Where does the New Urban Agenda point on localizing climate action?
Advocates laud the Habitat III strategy’s guidance on local climate-action plans, resilience, energy efficiency, sustainable transport, urban food and more. But they worry it doesn’t offer the specific roadmap needed.
UNITED NATIONS — A year on from milestone global agreements to tackle pressing development challenges and the threat of climate change, the U. N. General Assembly convened last week in a congratulatory spirit.
As the conversation shifts from negotiation to implementation, U. N. officials and experts are acknowledging the vital role that cities play in advancing those agendas. However, world leaders fell short of recognizing the next major U. N. summit, Habitat III, which will directly address the role of local governments in the global arena.
On 20 September, heads of state commemorated the first anniversary of the adoption of the Sustainable Development Goals (SDGs), which aim to end poverty and improve livelihoods worldwide by 2030. The next day, U. N. Secretary-General Ban Ki-moon hosted an event to encourage faster ratification of the Paris Agreement on climate change. Together, these accords are the twin pillars of the U. N.’s social and economic agenda, and will be for the next 15 years.
“What once seemed impossible is now inevitable,” Ban said of the climate change deal, which appears likely to enter to enter into legal force before the end of the year.
At least 55 countries, representing 55 percent of global emissions, are required to ratify the agreement in order to cross that threshold. With the announcement this month that China and the United States — two of the big four global emitters, alongside Russia and the European Union — would ratify the Paris Agreement, momentum has been growing for one of Ban’s signature diplomatic achievements. On 21 September, another 20 countries formally indicated that they would ratify the agreement.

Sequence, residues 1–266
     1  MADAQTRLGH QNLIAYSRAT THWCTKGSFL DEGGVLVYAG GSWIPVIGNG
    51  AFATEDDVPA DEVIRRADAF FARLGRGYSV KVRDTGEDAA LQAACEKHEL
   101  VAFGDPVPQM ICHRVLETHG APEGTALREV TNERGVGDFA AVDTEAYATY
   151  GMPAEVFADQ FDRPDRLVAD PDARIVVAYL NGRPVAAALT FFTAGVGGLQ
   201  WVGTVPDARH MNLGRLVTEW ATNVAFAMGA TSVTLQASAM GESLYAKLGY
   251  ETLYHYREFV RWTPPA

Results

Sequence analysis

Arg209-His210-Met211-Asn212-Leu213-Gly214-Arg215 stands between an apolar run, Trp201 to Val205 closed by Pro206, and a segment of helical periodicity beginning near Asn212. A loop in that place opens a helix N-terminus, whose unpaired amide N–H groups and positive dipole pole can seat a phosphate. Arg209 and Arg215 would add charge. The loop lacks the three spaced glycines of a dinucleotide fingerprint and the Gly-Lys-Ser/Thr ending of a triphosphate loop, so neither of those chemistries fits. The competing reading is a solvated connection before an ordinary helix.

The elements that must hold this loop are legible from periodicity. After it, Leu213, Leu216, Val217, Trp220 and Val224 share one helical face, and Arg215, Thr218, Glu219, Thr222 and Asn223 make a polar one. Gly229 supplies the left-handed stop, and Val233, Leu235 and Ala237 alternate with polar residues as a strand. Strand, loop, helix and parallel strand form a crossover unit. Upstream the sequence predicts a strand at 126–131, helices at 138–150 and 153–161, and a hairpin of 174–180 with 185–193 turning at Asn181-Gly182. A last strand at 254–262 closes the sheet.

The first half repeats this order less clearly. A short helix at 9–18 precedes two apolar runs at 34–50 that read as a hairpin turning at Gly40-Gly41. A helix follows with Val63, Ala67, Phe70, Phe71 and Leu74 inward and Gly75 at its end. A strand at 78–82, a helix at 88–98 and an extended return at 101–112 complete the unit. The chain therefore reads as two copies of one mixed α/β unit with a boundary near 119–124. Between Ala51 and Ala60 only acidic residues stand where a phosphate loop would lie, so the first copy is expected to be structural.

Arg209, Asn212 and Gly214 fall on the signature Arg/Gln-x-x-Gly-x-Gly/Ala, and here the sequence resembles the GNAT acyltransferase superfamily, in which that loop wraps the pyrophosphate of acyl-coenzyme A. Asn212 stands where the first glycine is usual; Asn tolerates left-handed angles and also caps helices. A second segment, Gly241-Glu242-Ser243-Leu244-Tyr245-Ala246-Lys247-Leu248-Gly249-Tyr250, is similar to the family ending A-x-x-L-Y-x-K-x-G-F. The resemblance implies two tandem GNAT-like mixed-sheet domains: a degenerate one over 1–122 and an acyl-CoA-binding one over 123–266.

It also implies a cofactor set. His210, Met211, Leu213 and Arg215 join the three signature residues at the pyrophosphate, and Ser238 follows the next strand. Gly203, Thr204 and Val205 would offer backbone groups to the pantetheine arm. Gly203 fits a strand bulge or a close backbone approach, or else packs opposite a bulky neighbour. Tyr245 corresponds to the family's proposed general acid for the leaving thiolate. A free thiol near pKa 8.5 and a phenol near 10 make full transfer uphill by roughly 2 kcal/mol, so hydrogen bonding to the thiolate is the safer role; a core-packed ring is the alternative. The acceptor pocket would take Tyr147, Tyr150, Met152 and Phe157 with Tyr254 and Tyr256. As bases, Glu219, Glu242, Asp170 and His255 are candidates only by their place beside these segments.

The SDGs, which are codified in the 2030 Agenda for Sustainable Development, also are gaining considerable political traction as national governments shift their efforts to meet the framework’s 17 goals and 169 targets. “More than 50 governments are making the SDGs a central framework of their national development strategies, and that signals that there is real momentum for the 2030 Agenda,” said David Nabarro, the U. N.’s special adviser on 2030 Agenda for Sustainable Development.
Analysts increasingly are suggesting that these two bedrock agreements, which will define U. N. policy for at least the next 15 years, reinforce one another. On the occasion of the General Assembly, the World Resources Institute, a Washington-based think tank, released a report analyzing the overlaps.
Nabarro agrees, and this week he honed in on the role of cities and local governments in delivering success. “Cities and subnational governments, as well as private-sector entities investing subnationally, are coming together now to devise and scale concrete solutions for climate change and sustainable development,” he said at a meeting of the Subnational Climate Action Hub, an initiative created last year.
“We’re seeing how cities, states and regional governments are the key loci for delivering the transformative agenda that’s urgently needed to address climate change and deliver sustainable development,” he said.
In light of these agreements, Nabarro said, there is “a new movement for subnational action. One that’s innovative, bold, measurable and reaching beyond economic, political and social boundaries.”
Next month, the U. N. will address the role of subnational governments head-on at Habitat III in Quito, Ecuador. The summit, which takes place only once every two decades, will adopt the New Urban Agenda, which advocates have called the roadmap to the “localization” of the SDGs and Paris Agreement.
Close observers of climate change policy give the New Urban Agenda’s provisions on the topic a cautious endorsement. They differ on how strong it links with the Paris Agreement and are equivocal on the specifics of the document, especially around implementation. (The New Urban Agenda was finalized following marathon talks at the beginning of this month; its final draft is available here.)
“By making the Paris Agreement one of its antecedents and quoting its long-term goal, the New Urban Agenda is acknowledging the climate challenge in cities, and putting climate action at the core of urban policies at national and local levels — and that’s a good thing,” said Mark Watts, executive director of the C40 Cities Climate Leadership Group.